The $50,000 Dominion Handicap had more of the ingredients of a three act play than a race for trotters, and the drama unfolded to a deafening roar from the audience as the leading lady, Scotch Notch, stole the show.
Act one occupied the first 1600 metres of the 3200 metre event as Basil Dean grabbed centre stage and the lead. Veteran Stormy Morn, the 1981 Dominion winner, was cast in a supporting role in act two as he made the first move, allowing the leading man, Sir Castleton, to tack on his back, tracked all the way by the Australian star. Basil Dean was still playing a major part under the direction of Kerry O'Reilly as he gave rein in the back straight the last time, and he looked like upstaging the two stars. But the real drama was yet to come and, like the best plays, only unfolded in the dying seconds.
First Sir Castleton stode front and centre stage as he swept forward from the 400 metres to challenge Basil Dean and bit players Tussle and About Now. To the crowds acclamation, Sir Castleton strode to the lead, but it was a short lived triumph. The last and climatic scene belonged to Scotch Notch. She strode past Sir Castleton in the last 50 metres as though he were just a stage hand. In just a few strides, Scotch Notch took the final curtain all on her own.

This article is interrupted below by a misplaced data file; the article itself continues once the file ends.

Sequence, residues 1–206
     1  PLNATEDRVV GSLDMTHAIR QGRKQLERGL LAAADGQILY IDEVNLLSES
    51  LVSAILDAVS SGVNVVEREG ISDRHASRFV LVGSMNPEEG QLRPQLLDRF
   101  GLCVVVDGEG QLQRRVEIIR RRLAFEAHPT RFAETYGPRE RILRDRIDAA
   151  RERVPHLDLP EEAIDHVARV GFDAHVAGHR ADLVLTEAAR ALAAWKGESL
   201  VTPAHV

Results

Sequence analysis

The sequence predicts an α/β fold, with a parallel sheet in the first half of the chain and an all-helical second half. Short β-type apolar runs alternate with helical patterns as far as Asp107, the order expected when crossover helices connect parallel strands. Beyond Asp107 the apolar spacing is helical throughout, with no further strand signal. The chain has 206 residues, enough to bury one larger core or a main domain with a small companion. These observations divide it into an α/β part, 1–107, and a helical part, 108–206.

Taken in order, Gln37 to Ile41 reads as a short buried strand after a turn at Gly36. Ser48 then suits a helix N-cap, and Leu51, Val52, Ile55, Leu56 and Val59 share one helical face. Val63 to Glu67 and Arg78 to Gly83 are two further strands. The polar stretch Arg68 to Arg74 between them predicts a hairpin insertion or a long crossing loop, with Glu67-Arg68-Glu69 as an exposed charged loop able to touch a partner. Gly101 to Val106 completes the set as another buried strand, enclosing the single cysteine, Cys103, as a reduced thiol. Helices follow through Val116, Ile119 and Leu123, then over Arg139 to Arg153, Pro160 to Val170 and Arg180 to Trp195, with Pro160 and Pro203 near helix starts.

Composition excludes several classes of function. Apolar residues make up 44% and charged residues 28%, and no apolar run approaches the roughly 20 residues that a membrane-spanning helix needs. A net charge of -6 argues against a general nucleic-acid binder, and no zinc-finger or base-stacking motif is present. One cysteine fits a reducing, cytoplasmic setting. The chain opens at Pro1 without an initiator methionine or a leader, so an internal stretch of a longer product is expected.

Though supported by a cast of only eight, which was quickly reduced to seven when Para's Star broke, Scotch Notch was dominant, so much so that she made even the highly rated Sir Castleton look second rate.
Though she was only required to trot the 3200 metres in 4:17, Scotch Notch turned in a sensational last 800 metres, being clocked at 56.6 as she came from seven lengths off the pace. Her last 1600 metres took just 2:01. "The harder they went, the happier I was," was Graeme Lang's comment after the event. "No, no worries at any stage. She's done really well this week, thanks to Colin," Graeme said. Scotch Notch spent the week prior to the race quartered at Colin De Filippi's Ladbrooks stables, where she recovered from the leg problems and started to eat properly.
Pat O'Reilly junior, the driver of Sir Castleton, had no excuses. "She was just too good," Pat said. "He trotted a bit roughly on the home turn, but it didn't make any difference. She would have beaten him whatever happened. I thought maybe I had her in the straight, but he just fell in a heap the last bit."
Pat's brother Kerry gave himself some chance when he held a handy lead at the 400 metres, "but they were just too fast," he said. Basil Dean was nearly two lengths in arrears of Sir Castleton, and only a nose in front of the honest little mare About Now, who tried hard to foot it with her younger rivals, but could not muster the same sprint. Tussle enjoyed the run of the race but showed only brief fight on the home turn before wilting to fifth, while the others were comprensively beaten.
Credit: Tony Williams writing in NZ Trotting Calendar
AUCKLAND - GAMMALITE
ADELAIDE - GAMMALITE
MELBOURNE - PREUX CHEVALIER